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Python. Python - Implementing webbased real time video chat using HTML5 websockets. Eye Spot / Sending Messages to a HTML5 WebSocket from Python. I’ve been spending a lot of time trying to send a message from a Python Socket to a HTML5 WebSocket.

Eye Spot / Sending Messages to a HTML5 WebSocket from Python

Well I found that if I send back the message I get from the WebSocket, the browser receives it without any problem, but if I want to send a custom string, it’s necessary to manipulate it before calling the send function. Let’s see the code: data = s.recv(1024) s.send(data) The code above works perfectly, but it just return the same message. Now, let’s suppose that we want to return something different like a string saying what we’ve received: s.send("received:" + data) This works between Python Sockets, but not between a Python Socket and a HTML5 WebSocket because the last one never gets the message.

Msg = u"\x00received: %s\xff" % data.decode("utf-8", "ignore") s.send(msg) Now, your WebSocket will receive the message sent by the Python Socket. Hope this will be useful for someone else. Cheers. Développement Web, HTML5, CSS3, PHP, Python, Ruby, JQuery, Javascript... Python Html5 Web Framework. Python. How to Use Html5lib in Python. Programming Python, Android, HTML5 Applications 05/12. HTML5 - What is the Python angle (Kevin Gill) Tech Thursday – Python evolution, HTML5 image editor and the iPhone as a disk drive. YDN Blog Tech Thursday – Python evolution, HTML5 image editor and the iPhone as a disk drive By Chris Heilmann – Thu, Feb 4, 2010 3:04 PM EST Recommend0Tweet0 Every Thursday is Tech Thursday where we share a random assortment of technical links we found and liked.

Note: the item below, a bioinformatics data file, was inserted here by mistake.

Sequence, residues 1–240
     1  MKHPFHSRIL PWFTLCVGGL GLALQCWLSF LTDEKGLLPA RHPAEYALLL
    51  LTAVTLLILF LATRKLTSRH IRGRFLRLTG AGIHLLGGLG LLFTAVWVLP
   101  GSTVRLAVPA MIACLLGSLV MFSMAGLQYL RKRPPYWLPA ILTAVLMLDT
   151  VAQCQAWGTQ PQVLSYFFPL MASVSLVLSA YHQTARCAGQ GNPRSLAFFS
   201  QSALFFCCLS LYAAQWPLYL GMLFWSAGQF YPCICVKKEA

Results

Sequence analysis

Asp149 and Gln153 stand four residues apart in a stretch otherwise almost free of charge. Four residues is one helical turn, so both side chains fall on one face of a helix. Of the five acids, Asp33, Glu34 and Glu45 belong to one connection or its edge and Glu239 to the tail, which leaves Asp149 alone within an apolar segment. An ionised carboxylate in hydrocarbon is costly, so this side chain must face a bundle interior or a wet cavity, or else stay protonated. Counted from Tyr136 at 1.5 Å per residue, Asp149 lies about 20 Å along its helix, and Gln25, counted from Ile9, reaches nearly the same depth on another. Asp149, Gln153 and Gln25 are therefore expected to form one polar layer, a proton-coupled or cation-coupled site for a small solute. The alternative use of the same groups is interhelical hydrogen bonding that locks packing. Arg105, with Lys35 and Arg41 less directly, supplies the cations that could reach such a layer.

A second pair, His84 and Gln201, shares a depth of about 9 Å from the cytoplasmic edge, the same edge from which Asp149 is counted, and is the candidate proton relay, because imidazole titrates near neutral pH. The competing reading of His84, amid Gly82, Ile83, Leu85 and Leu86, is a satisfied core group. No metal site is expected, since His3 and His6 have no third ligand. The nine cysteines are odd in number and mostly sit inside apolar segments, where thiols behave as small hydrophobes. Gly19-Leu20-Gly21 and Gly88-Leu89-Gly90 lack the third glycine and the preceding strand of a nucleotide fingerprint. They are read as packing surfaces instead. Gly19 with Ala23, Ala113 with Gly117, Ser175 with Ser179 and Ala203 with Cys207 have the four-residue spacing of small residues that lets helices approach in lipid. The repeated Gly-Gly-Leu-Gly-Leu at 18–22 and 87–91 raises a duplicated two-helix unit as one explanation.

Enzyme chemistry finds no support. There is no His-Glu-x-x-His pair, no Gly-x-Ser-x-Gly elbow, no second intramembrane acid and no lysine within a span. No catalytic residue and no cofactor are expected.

Tech Thursday – Python evolution, HTML5 image editor and the iPhone as a disk drive

You can propose links to us on Twitter (@YDN) or try bookmarking them on delicious with the tag "forydntt". There are no comments yet Leave a comment... Post As Top contributor with high quality and engaging posts in the last 14 days. Learn more about this badge Recent Posts Latest Videos 1 - 2 of 2 prevnext More Upcoming Events More Follow Yahoo! HTML5 - What is the Python angle. Django - Mixing HTML5 Canvas and Python. Python Webkit DOM Bindings. The Python Webkit DOM Project makes python a full peer of javascript when it comes to accessing and manipulating the full features available to Webkit, such as HTML5.

Python Webkit DOM Bindings

Everything that can be done with javascript, such as getElementsbyTagName and appendChild, event callbacks through onclick, timeout callbacks through window.setTimeout, and even AJAX using XMLHttpRequest, can also be done from python. Why is this important - why is it a "big deal"? Browser engines are amongst the most powerful GUI engines available, with the world's top software organisations and corporations focussing a lot of effort into competing to be "the best". This competition results in some incredibly exciting developments... that are then restricted to being exclusively used from one of the world's most awkward and obtuse programming languages: javascript.

So the real question is: why should this state of affairs be tolerated? Van der Meer's new website done in Python and HTML5! Just redone my entire website, in Python and HTML5!

van der Meer's new website done in Python and HTML5!